"What, are you telling me The Green Goblin here can't afford to buy us more food?"
Basing any feature length film on what was previously a short film is almost always a dubious proposition. What works well for thirty or so minutes often ends up feeling padded when transitioned into the ninety-plus minute range. I've never seen Jay & Seth Versus the Apocalypse, but it always sounded like a premise that would have been funny for a few minutes.
When it was announced that Seth Rogen was going to co-write & co-direct a feature length version of this film, I was filled with dread over what would likely be the end result, a two hour film with twenty minutes of laughs in it. As much as I loved bragging about being right on the money with my initial prediction for last week's The Purge, I am similarly pleased to report that I was equally wrong with my prediction for This is the End.
This is the End features several comedic actors all playing "themselves," so just bear that in mind as I go through this synopsis. Jay Baruchel arrives in Los Angeles to spend some quality time with his good friend Seth Rogen. Seth wants to take Jay to a housewarming party at James Franco's house, and Jay is apprehensive because he feels that he's never fit in with Seth's Hollywood friends, but he agrees to go anyway, as long as Seth promises to stick with him the whole night.
On a trip to a convenience store to purchase cigarettes, Jay & Seth witness a mass catastrophe that involves explosions and people being sucked up into the sky by beams of blue light. When they return to Franco's house, his side of town at first seems unaffected by this, but it isn't long before a massive sinkhole opens up and swallows many of Franco's A-list celebrity guests. Franco, Rogen, and Baruchel, along with Jonah Hill, Craig Robinson, and Danny McBride, are the only survivors of the party, and hole up inside Franco's home in an attempt to ride out what could be anything from a zombie invasion to the apocalypse itself.
I'll be as blunt as I can be about this... If spending the next ninety minutes with these six comedic actors does not sound enticing to you, there is absolutely no reason for you to see this movie. This is a film aimed very squarely at their fan base and is not interested in winning over new converts. That being said, as someone who is a fan of theirs, this is probably, collectively, the funniest movie that any of these six actors has made in some time. They squabble over rationing food, use Franco's camera from 127 Hours to record video confessionals, and even manage to film a long gestating sequel to Pineapple Express, complete with Jonah Hill playing Woody Harrelson.
The film has a ton of laughs, and I fully admit to laughing almost all the way through the film. Even when it takes an extremely bizarre turn towards the end of Act 2, it never succumbs to Judd Apatow "it's time to get serious, now" syndrome. It maintains the feel of a comedy throughout the entire film, which was refreshing from a band of actors who, honestly, I could never take seriously (yes, even Oscar nominees Hill & Franco). This isn't a dig against them as actors, I just happen to think that they wisely stick to their guns and do what they do best. Bearing that in mind, I can totally see this late second act turn completely alienating a portion of the audience, but I'm kind of okay with that. It actually works within the context of the film even though it is, admittedly, ridiculous.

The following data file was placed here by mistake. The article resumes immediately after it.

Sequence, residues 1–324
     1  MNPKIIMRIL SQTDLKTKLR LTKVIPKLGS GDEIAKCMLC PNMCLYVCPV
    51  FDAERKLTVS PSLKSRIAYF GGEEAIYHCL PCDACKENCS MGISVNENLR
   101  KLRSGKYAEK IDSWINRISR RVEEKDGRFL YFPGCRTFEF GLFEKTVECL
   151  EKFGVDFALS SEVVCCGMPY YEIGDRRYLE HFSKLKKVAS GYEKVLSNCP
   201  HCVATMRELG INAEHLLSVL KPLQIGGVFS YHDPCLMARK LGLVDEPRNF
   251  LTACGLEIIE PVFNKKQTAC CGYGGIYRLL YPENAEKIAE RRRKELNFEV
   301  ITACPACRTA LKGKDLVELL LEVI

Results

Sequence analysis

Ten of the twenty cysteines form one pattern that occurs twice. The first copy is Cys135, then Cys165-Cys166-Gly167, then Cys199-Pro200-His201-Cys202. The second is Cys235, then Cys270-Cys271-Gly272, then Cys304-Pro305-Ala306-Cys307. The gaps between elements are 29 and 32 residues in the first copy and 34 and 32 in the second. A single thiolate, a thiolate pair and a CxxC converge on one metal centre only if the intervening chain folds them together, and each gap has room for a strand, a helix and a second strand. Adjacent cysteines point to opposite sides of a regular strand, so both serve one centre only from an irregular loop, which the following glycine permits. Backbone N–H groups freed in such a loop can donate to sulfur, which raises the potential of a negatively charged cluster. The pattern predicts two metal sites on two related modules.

It's such an easy thing, as an audience member, for me to say that I like when actors poke fun at themselves, but it's honestly nice to see that these guys have a sense of humor about their personas, and have no problem poking fun at their various idiosyncrasies. Franco in particular, coming off one of the worst one-two punches in his entire career with Oz & Spring Breakers, was particularly good in the film. He certainly has no pretenses about the various assumptions people make about him, from his stoner-like manner to his perceived homosexuality, and it made me like him an awful lot more than I did when I went into the movie. Craig Robinson was the stand-out for me, however. He's a solid comedic actor, often relegated to the sidelines, and he really manages to steal most of the film with his sly delivery and unassuming manner.
The rest of the principles were good as well, but the film manages to mine the biggest laughs from its cameo players. Michael Cera's behavior at Franco's party got the most laughs at my screening, as did more minor roles from Jason Segel, Kevin Hart & Emma Watson. There are two fantastically funny cameos, one very close to the end of the film, and an even more left field one at the very end, that I won't spoil here. As screenwriters & directors, Rogen and longtime partner Evan Goldberg don't do anything groundbreaking here, but they manage to keep the film moving, in spite of most of it being six dudes of varying degrees of celebrity, sitting around a house in the midst of the apocalypse.
As I said earlier, this film is very squarely aimed at the segment of the population that most enjoys what these actors do, and for those people, this film will be a rousing success. If you're not in their camp, don't expect to walk in and have them prove you wrong, however, as this is not that kind of movie. If you're willing to let go of your preconceived notions about what this film is going to be, and just go along for the ride, I'm willing to bet that you'll find a lot more to like about this film than dislike. And that's something I've had a virtually impossible time saying about any of these guys in quite a while.
GO Rating: 3/5
[Photos via BoxOfficeMojo]